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Thread: Morse-Baudot

  1. #1
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    Default Morse-Baudot

    Does anyone else have one of these Morse-Baudot S-100 boards by Curtis Electro? It looks like basically a fancy UART with onboard ROMs to presumably handle ASCII to Morse conversion. I'm interested to learn how it operates, would it take an audio input from a HAM radio via the RCA jack and decode the dots and dashes? There's also an empty DIP socket in the upper left, perhaps a connection to some other peripheral. I don't know HAM radio, so wondering if someone else can take a more educated guess.

    The big chip on the board is an AY-5-1013a

    IMG_2511.jpg

  2. #2
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    Not sure at this stage in computing any one was good at converting received morse to dots and dashes on screen. The trouble is that certaining when this card was built a lot of morse was hand sent so there is a lot of variability in for example the lengths of the dots and dashs, which computer programs find hard to work with. Do I have that right? There are 8k of code on there? I think you need a manual
    Dave
    G4UGM

    Looking for Analog Computers, Drum Plotters, and Graphics Terminals

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    FWIW, Jack Curtis passed away last year at age 87. He was known mostly for his keyer devices.

  4. #4

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    Looking at the back of the board, the empty socket may have had an op-amp. It looks to have unusual power pins. I suspect they are +/- 15V.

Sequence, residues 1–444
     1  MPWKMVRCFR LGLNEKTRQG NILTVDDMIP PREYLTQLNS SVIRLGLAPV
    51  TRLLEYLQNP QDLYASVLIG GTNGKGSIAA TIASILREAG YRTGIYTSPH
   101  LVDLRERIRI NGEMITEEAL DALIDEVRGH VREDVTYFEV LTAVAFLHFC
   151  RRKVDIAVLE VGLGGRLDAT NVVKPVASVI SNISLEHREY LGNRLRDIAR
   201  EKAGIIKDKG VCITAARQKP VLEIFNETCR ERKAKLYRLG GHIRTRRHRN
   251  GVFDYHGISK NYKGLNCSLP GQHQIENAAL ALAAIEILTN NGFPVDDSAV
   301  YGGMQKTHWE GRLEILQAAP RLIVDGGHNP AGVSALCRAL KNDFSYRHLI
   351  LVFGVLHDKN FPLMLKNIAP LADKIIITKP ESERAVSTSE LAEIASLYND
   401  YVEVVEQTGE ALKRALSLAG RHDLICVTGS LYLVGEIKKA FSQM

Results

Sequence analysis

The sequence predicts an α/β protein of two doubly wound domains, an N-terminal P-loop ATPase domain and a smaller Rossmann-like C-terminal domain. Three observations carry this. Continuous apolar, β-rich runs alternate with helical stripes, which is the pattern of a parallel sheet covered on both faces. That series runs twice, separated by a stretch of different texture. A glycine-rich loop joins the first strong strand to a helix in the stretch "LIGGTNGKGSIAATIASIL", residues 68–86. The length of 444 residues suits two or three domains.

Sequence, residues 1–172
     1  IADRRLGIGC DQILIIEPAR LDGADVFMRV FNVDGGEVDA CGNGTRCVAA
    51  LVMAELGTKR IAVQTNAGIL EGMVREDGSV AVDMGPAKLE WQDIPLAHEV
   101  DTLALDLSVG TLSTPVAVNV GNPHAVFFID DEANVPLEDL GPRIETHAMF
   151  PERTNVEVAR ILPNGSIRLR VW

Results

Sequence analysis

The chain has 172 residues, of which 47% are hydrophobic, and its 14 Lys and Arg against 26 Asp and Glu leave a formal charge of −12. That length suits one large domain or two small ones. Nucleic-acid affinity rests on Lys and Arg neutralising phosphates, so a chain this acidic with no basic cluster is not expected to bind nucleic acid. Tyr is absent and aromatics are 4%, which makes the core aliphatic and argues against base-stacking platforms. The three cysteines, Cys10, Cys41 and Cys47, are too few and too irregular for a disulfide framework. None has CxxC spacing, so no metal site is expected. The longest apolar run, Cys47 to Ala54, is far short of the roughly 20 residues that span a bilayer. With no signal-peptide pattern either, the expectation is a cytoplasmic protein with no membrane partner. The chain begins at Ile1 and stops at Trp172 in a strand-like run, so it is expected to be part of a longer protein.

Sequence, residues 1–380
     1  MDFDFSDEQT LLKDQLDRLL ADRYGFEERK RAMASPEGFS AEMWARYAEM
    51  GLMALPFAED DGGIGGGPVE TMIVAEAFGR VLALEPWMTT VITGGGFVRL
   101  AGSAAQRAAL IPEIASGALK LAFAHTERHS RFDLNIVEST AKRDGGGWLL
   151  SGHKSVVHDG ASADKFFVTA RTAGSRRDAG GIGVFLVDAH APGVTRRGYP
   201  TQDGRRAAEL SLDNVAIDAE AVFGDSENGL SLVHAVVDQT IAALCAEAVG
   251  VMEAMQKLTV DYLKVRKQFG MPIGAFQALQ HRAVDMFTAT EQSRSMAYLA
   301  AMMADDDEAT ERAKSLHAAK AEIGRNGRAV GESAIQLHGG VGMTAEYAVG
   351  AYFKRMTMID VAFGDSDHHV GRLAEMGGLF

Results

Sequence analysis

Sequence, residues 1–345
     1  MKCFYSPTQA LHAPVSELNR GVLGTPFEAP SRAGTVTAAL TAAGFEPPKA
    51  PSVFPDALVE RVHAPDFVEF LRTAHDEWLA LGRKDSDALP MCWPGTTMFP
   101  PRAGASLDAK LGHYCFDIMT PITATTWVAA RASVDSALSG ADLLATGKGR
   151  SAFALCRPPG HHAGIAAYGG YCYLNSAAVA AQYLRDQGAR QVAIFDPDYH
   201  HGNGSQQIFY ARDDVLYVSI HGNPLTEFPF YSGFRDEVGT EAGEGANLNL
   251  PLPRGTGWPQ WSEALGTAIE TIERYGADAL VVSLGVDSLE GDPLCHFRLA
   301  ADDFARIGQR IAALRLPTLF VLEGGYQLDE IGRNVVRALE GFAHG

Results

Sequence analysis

Dwight

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    Using an IMSAI with the Cromemco 8K bytesaver (I knew it would come in handy some day) I was able to dump the contents of the ROMs into a HEX file capture on my laptop terminal and from there convert it to a 7K binary. The address switches on the Morse-Baudot board were set to A0, presumably that's where the ROM code would start. It should be Intel 8080 code.

    It is a curious question how this thing would work if decoding human generated Morse code, perhaps it was only meant to receive from another Morse-Baudot board, that way one could expect a fixed rate of transmission.ROMs.txt

  6. #6
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    There were (and are) programs that decode hand sent morse. Basically you use heuristics to work out if its a dot, dash and if the space is an inter-element space. This paper (behind a pay wall) dates from 1959 so folks have been looking at it for a while...

    https://ieeexplore.ieee.org/document/1057478

    have a google...
    Dave
    G4UGM

    Looking for Analog Computers, Drum Plotters, and Graphics Terminals

  7. #7

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    Quote Originally Posted by new_castle_j View Post
    I was able to dump the contents of the ROMs into a HEX file capture on my laptop terminal and from there convert it to a 7K binary. ROMs.txt
    Just a question about the file as the whole Rom thing worries me in terms of data retention and I'm fairly new to programming and using Roms. In that file, towards the end, there are some broad zones where a number of the byte values have gone to (or were originally FF). Is that the sort of appearance one gets in a Rom file when there is Rom rot ? Or would it look different ? I noticed that there were no light occlusive covers over the Rom windows, so they might have been more at risk of it ?

  8. #8
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    Sometimes (and you find this in a lot of early code), routines need to be at fixed locations, so the intervening unused spaces simply aren't programmed.

  9. #9

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    I believe 2708s erase to 0FF so 0 is ok.
    Dwight

  10. #10

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    Quote Originally Posted by Chuck(G) View Post
    Sometimes (and you find this in a lot of early code), routines need to be at fixed locations, so the intervening unused spaces simply aren't programmed.
    So you are saying that the sort of appearance seen there in that file with the zones of FF's you would judge as probably original programming ?

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